The 10th annual celebration of the life of Martin Luther King Jr. at the Black Spectrum Theater in St. Albans last Thursday honored the legacy of the slain civil rights leader and the diversity of Queens.
Performers from throughout the borough braved the snow to come to the theater in Roy Wilkins Park and participate in "A Tapestry of Reverend Dr. Martin Luther King Jr.," sponsored by borough President Claire Shulman.
About 100 residents joined Shulman and several other elected officials and community leaders to view the array of singers, dancers, musicians and speakers who took part in the tribute to King.
"We are very happy to be invited here. Dr. King's dream was our dream, too," said Byung-Kook Kwak, choir director for the Central Presbyterian Church of New York.
The choir members, all dressed in white suit jackets, sang several hymns in Korean.
"Dr. King spoke out for the rights of all people," said Rabbi Mayer Perelmutter of the Reform Temple of Forest Hills.
King often compared the civil rights struggle to the Book of Exodus, or the freedom of the ancient Hebrews from slavery, Perelmutter said.
Perelmutter alluded to a Midrash, a rabbinic interpretation of the Torah (the first five books of the Hebrew Bible), where the Red Sea parted for the fleeing Hebrews only after one man climbed into the water all the way up to his nostrils.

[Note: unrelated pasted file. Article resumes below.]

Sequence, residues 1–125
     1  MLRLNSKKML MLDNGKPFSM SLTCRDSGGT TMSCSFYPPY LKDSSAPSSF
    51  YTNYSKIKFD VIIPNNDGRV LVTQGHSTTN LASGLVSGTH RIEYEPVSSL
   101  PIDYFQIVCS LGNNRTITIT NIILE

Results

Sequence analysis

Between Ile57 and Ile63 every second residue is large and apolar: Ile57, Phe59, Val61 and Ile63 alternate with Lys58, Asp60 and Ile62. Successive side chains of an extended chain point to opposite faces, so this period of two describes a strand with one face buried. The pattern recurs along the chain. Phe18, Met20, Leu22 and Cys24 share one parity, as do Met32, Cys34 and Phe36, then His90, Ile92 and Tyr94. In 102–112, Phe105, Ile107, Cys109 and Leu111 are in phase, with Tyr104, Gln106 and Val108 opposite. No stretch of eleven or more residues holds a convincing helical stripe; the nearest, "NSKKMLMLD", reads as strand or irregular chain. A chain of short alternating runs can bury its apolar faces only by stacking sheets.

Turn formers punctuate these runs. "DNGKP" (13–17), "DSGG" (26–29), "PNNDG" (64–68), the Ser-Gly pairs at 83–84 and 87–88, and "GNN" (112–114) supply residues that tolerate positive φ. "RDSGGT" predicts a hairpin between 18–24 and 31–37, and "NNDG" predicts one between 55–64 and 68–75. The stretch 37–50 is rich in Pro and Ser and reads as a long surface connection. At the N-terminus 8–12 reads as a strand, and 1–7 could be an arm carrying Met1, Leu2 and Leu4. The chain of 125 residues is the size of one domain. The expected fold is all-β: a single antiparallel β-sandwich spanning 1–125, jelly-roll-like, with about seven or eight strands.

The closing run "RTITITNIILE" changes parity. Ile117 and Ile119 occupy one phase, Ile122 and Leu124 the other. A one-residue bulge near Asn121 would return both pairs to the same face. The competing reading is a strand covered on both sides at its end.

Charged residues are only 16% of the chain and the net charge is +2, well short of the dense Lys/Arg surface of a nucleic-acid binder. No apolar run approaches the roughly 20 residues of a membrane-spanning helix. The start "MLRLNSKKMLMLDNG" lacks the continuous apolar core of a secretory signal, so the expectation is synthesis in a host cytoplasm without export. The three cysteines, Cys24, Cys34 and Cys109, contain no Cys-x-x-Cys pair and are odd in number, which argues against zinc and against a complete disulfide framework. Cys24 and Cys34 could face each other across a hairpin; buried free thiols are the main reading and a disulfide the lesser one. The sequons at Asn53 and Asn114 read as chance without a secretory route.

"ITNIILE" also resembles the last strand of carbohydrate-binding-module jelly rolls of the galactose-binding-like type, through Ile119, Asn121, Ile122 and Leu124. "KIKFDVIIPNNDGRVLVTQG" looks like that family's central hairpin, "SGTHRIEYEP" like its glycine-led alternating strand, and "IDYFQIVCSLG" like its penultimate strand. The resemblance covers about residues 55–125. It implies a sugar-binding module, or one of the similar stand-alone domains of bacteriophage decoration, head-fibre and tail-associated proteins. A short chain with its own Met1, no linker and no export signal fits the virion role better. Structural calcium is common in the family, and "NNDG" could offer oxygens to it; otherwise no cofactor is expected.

"It took action as well as faith in God to make a miracle happen," Perelmutter said, describing the essence of what King stood for.
Shulman said she had not realized that King was only 39 years old when his life was cut short by an assassin's bullet in 1968.
"How much did he accomplish in those 39 years," Shulman said as more of a statement than a question. "He led a crusade for freedom and justice, a crusade for peace among all people."
The keynote speech was given by U.S. Rep. Greg Meeks (D-St. Albans), who said many of the words in King's speeches are still relevant today.
"We have a growing gap between the rich and the poor today," Meeks said, referring to King's concern with economic as well as racial division in America.
"He was able to accomplish what he did because of his confidence in the black community," said Meeks. "Dr. King was the eternal optimist, he was the ultimate optimist."
Also featured were performers from Golliard Concerts, an Astoria-based classical singing group; the Queens Symphony Orchestra Youth Choir, and the Laurelton-based Kekda children's dance company.
©2000 Community News Group
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